With even highly affiliated Jewish teens — and their parents —ranking Judaism at the bottom of their priorities, communal institutions are seeking a “big idea” to reach out to this demographic.
At a Nov. 17 event, UJA-Federation of New York and the Jewish Education Project announced the sobering findings from a new study they commissioned of teens, parents and teen-outreach professionals in Manhattan, Brooklyn, Westchester and Long Island.
The study, conducted by Brandeis University’s Cohen Center for Modern Jewish Studies, represents the first step in an effort to re-think Jewish teen outreach and programming, something growing numbers of Jewish communities around North America — including a “summit” that convened the previous week in Minneapolis — are exploring.
They have their work cut out for them.
While the sample of 344 New York teens Brandeis researchers surveyed — all of whom had celebrated a bar or bat mitzvah at a synagogue — was “skewed toward more Jewishly identified households” according to the study, the teens were not as highly involved as one might expect given their backgrounds.
Fifteen percent currently attend Jewish day schools, and 43 percent have attended a Jewish day school at one point or another, far more than most American Jewish teens. In addition, 94 percent hail from families in which both parents are Jewish.
Nonetheless, while two-thirds are currently involved in some Jewish activity (such as day school or youth group) during the school year, only 7 percent cited a specifically Jewish activity as the extracurricular in which they are “most involved.” Socially, about half of the teens have friendship circles that are primarily Jewish, even as 79 percent of their parents have mostly Jewish friendship circles. (Orthodox teens have the most Jewish friends, whereas Reform and secular ones have the fewest.) Instead, 55 percent of the teens surveyed say it is very important to have a diverse circle of friends.
While a Jewish activity was the top extracurricular for only 7 percent of teens, 42 percent cited sports, 20 percent the arts, 18 percent school-based activities like newspaper or debate, and 13 percent service/volunteer/advocacy activities as the activity in which they are most involved.
Meanwhile, when asked to identify things that are “very” or “extremely” important to them, having good friends, doing well academically and getting into a good college topped the list, whereas “have a strong Jewish identity,” “be involved in a Jewish community” and “lead a ritually observant life” were at the bottom, with only 30 percent identifying ritual observance as extremely or very important. Not surprisingly, more parents than teens ranked Jewish things high in terms of what they wanted for their children, with 86 percent citing the importance of Jewish identity (compared to 51 percent of teens) and 64 percent highly valuing Jewish community involvement (compared to 41 percent of teens). But even the parents ranked these things far lower than their other desires, such as having good friends, doing well academically and spending time with family.
“Is the glass two-thirds full or one-third empty?” Amy Sales, associate director of the Cohen Center, asked rhetorically in presenting the findings to 180 Jewish lay leaders and professionals at the recent gathering.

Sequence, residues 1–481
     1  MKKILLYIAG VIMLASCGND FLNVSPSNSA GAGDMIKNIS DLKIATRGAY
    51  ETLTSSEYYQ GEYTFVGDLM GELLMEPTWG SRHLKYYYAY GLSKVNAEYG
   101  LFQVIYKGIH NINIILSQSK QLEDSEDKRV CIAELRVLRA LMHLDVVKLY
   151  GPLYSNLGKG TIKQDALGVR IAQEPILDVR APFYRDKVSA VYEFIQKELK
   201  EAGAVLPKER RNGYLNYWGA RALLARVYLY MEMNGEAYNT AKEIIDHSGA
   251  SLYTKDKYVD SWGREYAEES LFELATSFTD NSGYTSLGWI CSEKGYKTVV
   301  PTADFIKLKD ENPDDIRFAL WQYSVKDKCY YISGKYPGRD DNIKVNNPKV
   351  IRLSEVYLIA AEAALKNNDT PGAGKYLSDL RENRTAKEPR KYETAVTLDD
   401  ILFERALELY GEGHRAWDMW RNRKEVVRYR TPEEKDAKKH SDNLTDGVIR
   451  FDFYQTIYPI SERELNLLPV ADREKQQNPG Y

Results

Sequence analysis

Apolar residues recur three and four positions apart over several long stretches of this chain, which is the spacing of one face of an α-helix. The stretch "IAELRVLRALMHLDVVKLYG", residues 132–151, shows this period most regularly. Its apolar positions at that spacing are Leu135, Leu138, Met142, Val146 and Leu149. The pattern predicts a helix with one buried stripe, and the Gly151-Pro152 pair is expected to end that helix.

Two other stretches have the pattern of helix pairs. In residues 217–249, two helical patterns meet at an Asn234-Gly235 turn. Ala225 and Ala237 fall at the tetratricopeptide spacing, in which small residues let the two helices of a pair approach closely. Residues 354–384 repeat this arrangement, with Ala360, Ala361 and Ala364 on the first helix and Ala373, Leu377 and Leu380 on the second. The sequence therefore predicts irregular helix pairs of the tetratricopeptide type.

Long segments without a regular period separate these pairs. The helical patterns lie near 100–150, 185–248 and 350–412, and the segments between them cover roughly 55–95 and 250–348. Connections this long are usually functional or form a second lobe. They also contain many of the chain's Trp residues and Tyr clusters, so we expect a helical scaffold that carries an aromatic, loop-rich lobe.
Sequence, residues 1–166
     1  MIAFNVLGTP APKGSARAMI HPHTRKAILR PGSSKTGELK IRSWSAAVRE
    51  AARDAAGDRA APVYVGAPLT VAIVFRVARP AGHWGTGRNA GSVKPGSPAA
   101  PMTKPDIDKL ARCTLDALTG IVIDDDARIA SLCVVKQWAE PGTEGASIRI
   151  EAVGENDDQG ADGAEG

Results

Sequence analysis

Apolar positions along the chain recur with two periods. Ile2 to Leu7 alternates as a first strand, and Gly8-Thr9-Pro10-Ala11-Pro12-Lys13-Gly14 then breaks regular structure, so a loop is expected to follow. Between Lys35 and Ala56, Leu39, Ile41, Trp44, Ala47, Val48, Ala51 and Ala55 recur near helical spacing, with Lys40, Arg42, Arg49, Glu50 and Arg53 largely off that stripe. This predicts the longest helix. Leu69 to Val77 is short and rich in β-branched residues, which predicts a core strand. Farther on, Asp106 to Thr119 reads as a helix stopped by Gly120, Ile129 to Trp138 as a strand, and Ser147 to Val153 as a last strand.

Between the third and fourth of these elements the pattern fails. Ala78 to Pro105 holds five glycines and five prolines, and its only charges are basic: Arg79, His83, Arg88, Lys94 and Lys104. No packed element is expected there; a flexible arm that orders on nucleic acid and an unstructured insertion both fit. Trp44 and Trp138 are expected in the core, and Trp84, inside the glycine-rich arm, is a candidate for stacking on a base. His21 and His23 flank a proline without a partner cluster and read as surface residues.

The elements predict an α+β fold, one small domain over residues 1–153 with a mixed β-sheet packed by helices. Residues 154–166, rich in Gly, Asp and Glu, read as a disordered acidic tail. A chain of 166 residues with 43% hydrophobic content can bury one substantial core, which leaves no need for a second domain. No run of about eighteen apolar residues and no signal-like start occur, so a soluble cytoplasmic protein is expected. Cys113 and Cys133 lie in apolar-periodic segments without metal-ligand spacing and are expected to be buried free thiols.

“This is the population that should be with us,” she added, noting that if the organized Jewish community can’t engage kids who already have strong Jewish backgrounds, “we’re going to have a really difficult time” reaching populations that tend to be less involved, such as Russian speakers, children of Israelis and teens from interfaith families.
Citing the popularity and energizing power of “big ideas” like a guaranteed Israel trip for young adults and the bar/bat mitzvah for 13-year-olds, Sales urged the Jewish community to come up with “big hairy audacious goals” to “drive a social movement.”
However, she and the study offered few specific suggestions.
As David Bryfman, director of the Jewish Education Project’s Center for Collaborative Leadership, told last week’s summit, “This was not a marketing study. The intent is to open up a conversation.”
“It’s going to take a community working together to solve,” he said, noting that in addition to relying on existing Jewish youth institutions, “we need to be entrepreneurial.”
Toward that end, he encouraged participants at the summit to begin brainstorming and to come up with “headlines” of what might look different in three years if they are “wildly successful.”
Some preliminary suggestions: a post-bar/bat mitzvah milestone event; a communally funded educational experience, such as camp or an Israel trip, offered free to each Jewish teen.
However, one participant, who chairs the youth committee of a Manhattan synagogue, emphasized that engaging Jewish teens could be more complicated than just coming up with an idea.
“To reach kids, you need to reach their parents,” she said, noting that the Brandeis study reveals that Judaism is a relatively low priority for parents, as well as teens.
Noticeably absent at the event: actual teenagers.
Bryfman said teens were initially to be included, but after 120 adults RSVP’d within 48 hours, planners worried they would not have enough space at The Jewish Museum hall that had been rented for the event.
“This is purely an issue of fire safety,” he said.